Here's when to see it.
The New Year’s Eve fireworks won’t be the only show in the sky this year. According to Space.com, the sky above will be putting on a rare and glorious show of its own over New Year's Day and throughout the month of January with a super blue blood moon you just have to see.
While the name is long, it’s actually a pretty easy to understand natural celestial phenomenon. As Space.com explained, a blue moon is when two full moons occur in the same calendar month. A supermoon, the site added, happens when the moon is in something called “perigee,” which means it’s making its closest approach to Earth in a single orbit.
Here’s how it all breaks down:
First Full Moon
The first full moon of January will take place on the night of New Year's Day. For those in New York, the full moon will make its first appearance at 9:24 p.m. In the U.K., people can look up to see the full moon at 2:24 a.m. (so long as they aren’t too bleary-eyed from all the champagne).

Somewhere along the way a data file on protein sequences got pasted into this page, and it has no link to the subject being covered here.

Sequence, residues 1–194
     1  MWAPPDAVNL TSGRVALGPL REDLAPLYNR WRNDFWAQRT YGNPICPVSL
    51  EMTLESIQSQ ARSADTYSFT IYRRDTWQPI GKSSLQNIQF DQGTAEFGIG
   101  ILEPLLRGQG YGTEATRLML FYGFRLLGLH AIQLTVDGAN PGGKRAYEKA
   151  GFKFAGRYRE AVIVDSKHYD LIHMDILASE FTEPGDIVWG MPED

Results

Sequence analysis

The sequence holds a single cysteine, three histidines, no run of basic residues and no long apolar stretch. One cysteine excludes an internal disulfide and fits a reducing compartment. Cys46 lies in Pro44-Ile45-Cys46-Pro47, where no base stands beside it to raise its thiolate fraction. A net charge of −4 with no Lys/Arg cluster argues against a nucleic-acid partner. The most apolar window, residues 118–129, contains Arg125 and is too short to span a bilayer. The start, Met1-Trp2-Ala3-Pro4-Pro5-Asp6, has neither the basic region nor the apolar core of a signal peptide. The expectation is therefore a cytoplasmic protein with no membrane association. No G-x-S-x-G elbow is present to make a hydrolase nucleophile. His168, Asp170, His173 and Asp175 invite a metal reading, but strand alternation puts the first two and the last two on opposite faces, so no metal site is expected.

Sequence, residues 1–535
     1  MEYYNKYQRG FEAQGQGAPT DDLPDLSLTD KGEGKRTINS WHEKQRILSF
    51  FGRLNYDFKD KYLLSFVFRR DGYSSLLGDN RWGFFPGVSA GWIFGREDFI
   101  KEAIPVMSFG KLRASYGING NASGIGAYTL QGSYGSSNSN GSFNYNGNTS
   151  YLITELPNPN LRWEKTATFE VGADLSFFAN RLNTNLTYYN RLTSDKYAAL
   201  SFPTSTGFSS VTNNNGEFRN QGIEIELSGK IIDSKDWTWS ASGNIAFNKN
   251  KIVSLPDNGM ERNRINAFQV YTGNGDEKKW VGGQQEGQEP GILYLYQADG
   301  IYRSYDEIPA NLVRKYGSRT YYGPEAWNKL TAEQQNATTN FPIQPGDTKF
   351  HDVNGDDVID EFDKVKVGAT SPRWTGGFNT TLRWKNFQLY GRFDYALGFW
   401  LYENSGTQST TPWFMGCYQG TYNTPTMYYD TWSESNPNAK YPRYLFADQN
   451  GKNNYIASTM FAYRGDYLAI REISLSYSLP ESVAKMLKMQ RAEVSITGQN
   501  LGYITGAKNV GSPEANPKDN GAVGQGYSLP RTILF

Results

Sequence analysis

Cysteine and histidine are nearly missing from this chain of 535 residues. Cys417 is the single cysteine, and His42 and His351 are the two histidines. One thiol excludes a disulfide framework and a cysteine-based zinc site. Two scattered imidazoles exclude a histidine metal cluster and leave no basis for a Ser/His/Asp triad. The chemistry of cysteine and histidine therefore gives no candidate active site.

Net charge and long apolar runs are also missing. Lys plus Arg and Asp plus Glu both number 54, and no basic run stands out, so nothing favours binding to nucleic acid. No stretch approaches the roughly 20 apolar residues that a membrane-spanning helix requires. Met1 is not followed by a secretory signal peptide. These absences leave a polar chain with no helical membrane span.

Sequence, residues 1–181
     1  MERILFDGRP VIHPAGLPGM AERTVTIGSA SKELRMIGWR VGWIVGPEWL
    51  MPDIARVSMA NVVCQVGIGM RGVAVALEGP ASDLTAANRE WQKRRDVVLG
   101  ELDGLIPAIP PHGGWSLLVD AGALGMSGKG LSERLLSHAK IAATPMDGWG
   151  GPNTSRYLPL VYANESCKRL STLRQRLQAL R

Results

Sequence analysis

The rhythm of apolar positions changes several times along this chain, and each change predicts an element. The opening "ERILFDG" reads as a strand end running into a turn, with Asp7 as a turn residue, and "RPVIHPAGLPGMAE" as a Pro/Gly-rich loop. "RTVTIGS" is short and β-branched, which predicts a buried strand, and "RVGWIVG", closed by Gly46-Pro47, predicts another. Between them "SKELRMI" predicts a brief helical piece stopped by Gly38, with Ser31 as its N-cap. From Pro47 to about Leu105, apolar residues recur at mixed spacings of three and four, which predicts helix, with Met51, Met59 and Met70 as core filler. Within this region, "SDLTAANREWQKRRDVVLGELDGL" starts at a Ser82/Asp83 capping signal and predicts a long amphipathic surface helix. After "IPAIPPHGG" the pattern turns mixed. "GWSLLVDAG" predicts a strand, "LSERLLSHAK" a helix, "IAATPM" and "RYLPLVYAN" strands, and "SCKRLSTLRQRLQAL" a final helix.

Finally, the supermoon, or second full moon of the month, will take place the night before the second full moon on Jan. 30. Then, the moon will be just 223,068 miles from Earth, compared to its average distance of 238,855 miles. This will make it appear much larger than it typically does as it hovers in the sky. So make sure to look up on New Year’s Day and all month long as the moon gives a big hello to 2018.
Blue Moon and Blood Moon
The second full moon, or blue moon, which also comes with a lunar eclipse, will occur on the night of Jan. 31 for most. This is when the moon will also take on the characteristically orange-red color of a blood moon as it passes over the Midwest through the completion of the lunar eclipse. Really, this is the astrological event that is a true must-see in January.
However, there are some around the globe who won’t experience it until the morning of Feb. 1, which means it technically will not be a blue moon for them. As an example, Space.com explained that in Melbourne, Australia, the first full moon comes on Jan. 2 at 1:24 p.m. local time. The second full moon then doesn’t arrive until Feb. 1 at 1:26 a.m. But we’ll let that slide just this once.
But, if you’re in California, you’re in luck. According to Space.com, the eclipse will begin at 2:51 a.m. local time. At 4:51 a.m. local time, the total phase will start and totality will end at 6:07 a.m.